(12th in a series of posts on 306 S. New St.)
So here are key excerpts from the audio recording with time stamp for further reference if you want.
In later posts, Gadfy will try to keep long quoting to a minimum but refer just to the excerpt number here.
Long foreplay by Gadfly — but the real thing begins next post.
Excerpt 1 – 0:20
HCC chair: “The denial for the porch addition [by HCC on Nov. 19] . . . . I think that our historic officer Jeff Long summed it up best by saying in his minutes that HCC members specifically recall the approval of a 6th floor of the already tall structure was predicated on a condition that the top floor be recessed 12 feet along West 3rd St and have a thin projecting roof to diminish its visibility from street level. When the building was originally designed the owner/developer came to us at least 4 times, 3-4 times. During that 4 times, we took a lot of information and distilled it down to the building that’s there today. I think one of the provisions we were looking for was a building that didn’t look as tall as a 6-story building. So what the architect came back with was, he would take the 6th floor, set it back 12 feet, and when you look at the building you would see the first 5 floors and the 6th floor would look almost maybe like a penthouse or a tall parapet in the background. And that’s what we achieved. That’s what everybody agreed upon. And . . . hence the denial.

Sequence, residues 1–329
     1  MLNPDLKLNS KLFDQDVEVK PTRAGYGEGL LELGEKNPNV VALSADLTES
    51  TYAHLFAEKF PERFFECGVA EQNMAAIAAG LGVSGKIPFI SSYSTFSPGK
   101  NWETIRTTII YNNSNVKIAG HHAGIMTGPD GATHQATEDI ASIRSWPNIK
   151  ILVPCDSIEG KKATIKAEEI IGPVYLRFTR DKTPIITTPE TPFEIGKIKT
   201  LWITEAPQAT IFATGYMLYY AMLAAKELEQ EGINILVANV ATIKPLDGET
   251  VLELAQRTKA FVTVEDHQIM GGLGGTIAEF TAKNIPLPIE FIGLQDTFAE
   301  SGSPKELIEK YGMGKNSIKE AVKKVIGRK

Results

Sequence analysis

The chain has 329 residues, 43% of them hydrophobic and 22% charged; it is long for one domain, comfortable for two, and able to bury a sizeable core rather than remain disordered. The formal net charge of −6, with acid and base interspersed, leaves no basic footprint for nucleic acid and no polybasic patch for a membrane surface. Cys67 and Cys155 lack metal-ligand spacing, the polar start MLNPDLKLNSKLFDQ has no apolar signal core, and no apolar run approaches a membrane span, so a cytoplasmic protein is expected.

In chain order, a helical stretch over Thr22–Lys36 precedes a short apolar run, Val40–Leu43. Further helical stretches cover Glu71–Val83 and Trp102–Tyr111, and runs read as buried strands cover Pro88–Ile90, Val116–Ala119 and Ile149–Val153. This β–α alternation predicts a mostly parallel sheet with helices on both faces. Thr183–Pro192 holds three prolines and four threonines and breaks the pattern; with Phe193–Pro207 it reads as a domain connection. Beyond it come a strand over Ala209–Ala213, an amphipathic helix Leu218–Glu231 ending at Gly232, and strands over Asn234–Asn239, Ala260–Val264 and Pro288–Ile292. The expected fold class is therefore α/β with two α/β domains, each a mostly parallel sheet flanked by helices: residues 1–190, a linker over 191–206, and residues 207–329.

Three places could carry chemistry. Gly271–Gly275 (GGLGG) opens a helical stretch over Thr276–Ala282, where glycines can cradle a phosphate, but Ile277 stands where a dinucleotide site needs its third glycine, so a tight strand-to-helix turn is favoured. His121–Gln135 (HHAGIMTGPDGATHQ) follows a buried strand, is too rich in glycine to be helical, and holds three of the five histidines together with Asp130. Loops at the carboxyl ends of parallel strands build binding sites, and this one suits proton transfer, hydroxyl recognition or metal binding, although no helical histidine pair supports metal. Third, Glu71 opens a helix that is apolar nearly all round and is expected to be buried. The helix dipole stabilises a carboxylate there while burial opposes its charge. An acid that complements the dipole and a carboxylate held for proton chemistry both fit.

Excerpt 2 – 3:25
CM Waldron: “I remember when this was originally approved and the COA came to us that was a real sticking point, recessing the 6th floor so to try to diminish the height of the building in its appearance.”
Excerpt 3 – 4:40
CM Waldron: “Clearly there was a miscommunication, because I don’t know what percentage done, but I would say more than half-way done with this construction “. . . HCC chair: “the construction did begin well before we asked them to bring it before the Board.”
Excerpt 4 – 8:30